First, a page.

Cover: Evaluation of the Patient Safety Improvement Corps

Evaluation of the Patient Safety Improvement Corps

Experiences of the First Two Groups of Trainees

Published Aug 16, 2006

by Stephanie S. Teleki, Cheryl L. Damberg, Melony E. Sorbero, Allen Fremont, Lily Bradley, Donna O. Farley

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The Patient Safety Improvement Corps (PSIC), part of the Agency for Healthcare Research and Quality’s (AHRQ’s) patient safety initiative, is a program of three one-week sessions (didactic lessons, homework, and a team project) operated collaboratively by the AHRQ and the Veterans’ Affairs (VA) National Center for Patient Safety (NCPS). Its purpose is to improve patient safety in the nation by increasing the number and capacity of health care professionals with patient safety knowledge and skills, achieved through training teams from all 50 U.S. states over three years.

This report presents findings from RAND’s evaluation of the first two years of the PSIC. Data were collected through in-person, group interviews with trainees at the final training session in May 2004 and May 2005, and through individual telephone interviews with the first-year trainees one year later. Overall, reported experiences were positive. Participants valued the broad perspective gained, and the tools and skills they learned and continue to use. They appreciated and continued to draw upon the technical aspects, the hands-on exercises, the knowledge gained through team projects, and the reference materials. Additionally, they value the networking opportunities, and they have made efforts to spread their knowledge. Significantly, there are strong indications that the program has contributed to actions in the field to improve patient safety. Key barriers challenging trainees’ program participation and ability to make changes at their home organizations included lack of resources and cultural obstacles (such as blaming individuals for system problems). A need for continued training and programs to train larger, more-diverse teams was also noted. The findings suggest that the PSIC is making important contributions toward building a national infrastructure to support implementation of effective patient safety practices.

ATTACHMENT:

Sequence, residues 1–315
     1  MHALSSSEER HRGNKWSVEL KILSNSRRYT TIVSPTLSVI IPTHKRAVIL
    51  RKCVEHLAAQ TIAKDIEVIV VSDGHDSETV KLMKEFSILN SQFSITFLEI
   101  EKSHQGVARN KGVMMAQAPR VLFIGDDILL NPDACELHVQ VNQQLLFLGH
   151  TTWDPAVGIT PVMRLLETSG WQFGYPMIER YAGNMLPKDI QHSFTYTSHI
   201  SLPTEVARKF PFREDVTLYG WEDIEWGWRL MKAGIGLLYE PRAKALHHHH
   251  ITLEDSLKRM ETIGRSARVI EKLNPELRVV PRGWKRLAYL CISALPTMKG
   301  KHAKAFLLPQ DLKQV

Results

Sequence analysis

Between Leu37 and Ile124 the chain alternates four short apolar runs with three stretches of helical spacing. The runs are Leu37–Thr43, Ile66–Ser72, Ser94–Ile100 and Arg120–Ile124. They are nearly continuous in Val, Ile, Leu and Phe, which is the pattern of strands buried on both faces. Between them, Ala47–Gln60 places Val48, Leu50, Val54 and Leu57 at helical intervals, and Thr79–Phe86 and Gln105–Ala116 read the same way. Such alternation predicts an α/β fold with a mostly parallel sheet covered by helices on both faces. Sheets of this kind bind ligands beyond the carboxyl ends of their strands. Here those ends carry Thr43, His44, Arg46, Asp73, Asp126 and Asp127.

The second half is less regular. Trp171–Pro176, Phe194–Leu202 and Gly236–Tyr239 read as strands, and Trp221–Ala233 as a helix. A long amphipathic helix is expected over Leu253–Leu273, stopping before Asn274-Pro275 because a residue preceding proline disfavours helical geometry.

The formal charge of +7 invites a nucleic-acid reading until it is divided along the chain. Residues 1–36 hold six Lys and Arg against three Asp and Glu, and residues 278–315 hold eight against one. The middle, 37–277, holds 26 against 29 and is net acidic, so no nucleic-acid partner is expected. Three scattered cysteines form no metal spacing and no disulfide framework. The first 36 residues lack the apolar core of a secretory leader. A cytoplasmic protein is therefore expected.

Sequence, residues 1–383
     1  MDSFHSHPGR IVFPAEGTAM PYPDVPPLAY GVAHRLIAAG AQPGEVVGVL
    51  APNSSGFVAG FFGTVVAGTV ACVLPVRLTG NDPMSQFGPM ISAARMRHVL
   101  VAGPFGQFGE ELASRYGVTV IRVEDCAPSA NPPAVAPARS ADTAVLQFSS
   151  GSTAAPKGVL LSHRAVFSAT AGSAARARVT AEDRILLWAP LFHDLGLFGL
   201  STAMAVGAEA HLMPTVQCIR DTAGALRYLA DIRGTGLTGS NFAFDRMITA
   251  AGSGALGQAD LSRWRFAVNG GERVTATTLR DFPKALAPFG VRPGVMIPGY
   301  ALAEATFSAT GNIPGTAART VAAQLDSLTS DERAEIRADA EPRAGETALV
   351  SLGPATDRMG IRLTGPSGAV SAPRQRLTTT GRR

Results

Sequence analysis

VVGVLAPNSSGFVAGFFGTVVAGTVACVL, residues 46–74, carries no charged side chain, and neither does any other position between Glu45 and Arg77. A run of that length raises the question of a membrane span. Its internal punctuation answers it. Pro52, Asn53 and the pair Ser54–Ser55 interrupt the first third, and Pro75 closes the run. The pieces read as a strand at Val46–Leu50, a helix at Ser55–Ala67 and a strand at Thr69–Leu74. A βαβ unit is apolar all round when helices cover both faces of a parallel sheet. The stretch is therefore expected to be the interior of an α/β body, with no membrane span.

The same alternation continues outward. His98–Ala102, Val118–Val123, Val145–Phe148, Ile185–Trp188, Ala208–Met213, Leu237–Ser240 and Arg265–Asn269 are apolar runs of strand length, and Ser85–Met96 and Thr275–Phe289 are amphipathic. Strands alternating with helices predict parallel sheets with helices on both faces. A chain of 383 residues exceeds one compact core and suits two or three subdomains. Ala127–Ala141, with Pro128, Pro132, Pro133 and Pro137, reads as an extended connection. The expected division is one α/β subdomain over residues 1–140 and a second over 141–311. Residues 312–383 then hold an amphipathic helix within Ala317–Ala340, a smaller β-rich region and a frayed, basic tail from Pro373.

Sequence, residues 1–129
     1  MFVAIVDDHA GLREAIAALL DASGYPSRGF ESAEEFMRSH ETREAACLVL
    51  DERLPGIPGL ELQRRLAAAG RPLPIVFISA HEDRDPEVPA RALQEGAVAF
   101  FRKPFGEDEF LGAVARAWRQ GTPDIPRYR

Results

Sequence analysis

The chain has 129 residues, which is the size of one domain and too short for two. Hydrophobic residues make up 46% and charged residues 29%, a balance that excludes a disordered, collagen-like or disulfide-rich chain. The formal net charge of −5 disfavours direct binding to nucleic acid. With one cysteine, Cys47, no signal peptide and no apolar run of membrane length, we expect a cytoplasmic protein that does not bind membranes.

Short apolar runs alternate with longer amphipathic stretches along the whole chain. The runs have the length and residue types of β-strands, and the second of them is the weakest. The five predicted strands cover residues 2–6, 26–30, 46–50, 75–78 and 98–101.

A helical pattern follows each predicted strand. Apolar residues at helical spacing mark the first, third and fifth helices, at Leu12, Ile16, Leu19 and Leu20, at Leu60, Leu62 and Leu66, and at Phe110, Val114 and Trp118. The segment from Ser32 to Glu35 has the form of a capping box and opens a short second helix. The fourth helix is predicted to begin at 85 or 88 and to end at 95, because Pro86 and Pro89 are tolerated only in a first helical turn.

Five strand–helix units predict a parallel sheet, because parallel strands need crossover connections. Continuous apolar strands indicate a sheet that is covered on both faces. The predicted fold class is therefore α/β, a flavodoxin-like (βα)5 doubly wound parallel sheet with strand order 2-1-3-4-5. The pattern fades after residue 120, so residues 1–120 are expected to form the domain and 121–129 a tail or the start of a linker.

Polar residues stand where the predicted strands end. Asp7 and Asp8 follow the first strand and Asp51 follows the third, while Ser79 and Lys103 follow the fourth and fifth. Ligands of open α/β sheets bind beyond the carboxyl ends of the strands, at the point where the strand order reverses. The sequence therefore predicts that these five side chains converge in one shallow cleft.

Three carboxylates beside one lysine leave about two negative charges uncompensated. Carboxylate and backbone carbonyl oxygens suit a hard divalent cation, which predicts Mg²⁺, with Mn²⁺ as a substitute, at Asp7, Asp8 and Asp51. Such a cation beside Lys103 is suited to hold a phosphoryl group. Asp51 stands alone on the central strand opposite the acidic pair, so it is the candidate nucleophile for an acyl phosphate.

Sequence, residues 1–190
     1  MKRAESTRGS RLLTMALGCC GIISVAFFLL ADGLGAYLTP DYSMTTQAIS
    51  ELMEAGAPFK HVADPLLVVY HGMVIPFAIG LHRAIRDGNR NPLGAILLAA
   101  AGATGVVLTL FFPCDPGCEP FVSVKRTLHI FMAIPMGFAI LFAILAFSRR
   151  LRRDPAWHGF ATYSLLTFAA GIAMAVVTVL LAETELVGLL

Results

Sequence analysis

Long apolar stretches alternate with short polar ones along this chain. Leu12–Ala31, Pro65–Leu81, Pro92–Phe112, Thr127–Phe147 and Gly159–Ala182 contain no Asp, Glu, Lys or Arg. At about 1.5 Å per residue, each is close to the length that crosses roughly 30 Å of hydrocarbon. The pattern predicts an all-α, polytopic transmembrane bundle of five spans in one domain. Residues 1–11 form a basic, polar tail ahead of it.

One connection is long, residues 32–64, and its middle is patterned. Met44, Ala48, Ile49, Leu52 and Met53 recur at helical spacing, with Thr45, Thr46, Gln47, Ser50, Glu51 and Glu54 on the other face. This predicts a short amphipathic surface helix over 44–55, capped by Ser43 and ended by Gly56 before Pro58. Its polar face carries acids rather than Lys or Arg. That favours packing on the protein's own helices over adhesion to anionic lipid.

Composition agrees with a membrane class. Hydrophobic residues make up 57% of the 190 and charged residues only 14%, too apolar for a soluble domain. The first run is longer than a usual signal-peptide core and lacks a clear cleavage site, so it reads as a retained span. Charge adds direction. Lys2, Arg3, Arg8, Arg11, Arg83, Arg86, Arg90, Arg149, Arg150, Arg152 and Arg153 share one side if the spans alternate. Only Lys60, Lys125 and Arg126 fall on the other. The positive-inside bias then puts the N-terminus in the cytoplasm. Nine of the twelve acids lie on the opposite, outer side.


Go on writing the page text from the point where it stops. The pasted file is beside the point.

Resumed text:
The research described in this report was carried out in RAND Health, a division of the RAND Corporation. This work was sponsored by the Agency for Healthcare Research and Quality.

This report is part of the RAND technical report series. RAND technical reports may include research findings on a specific topic that is limited in scope or intended for a narrow audience; present discussions of the methodology employed in research; provide literature reviews, survey instruments, modeling exercises, guidelines for practitioners and research professionals, and supporting documentation; or deliver preliminary findings. All RAND reports undergo rigorous peer review to ensure that they meet high standards for research quality and objectivity.

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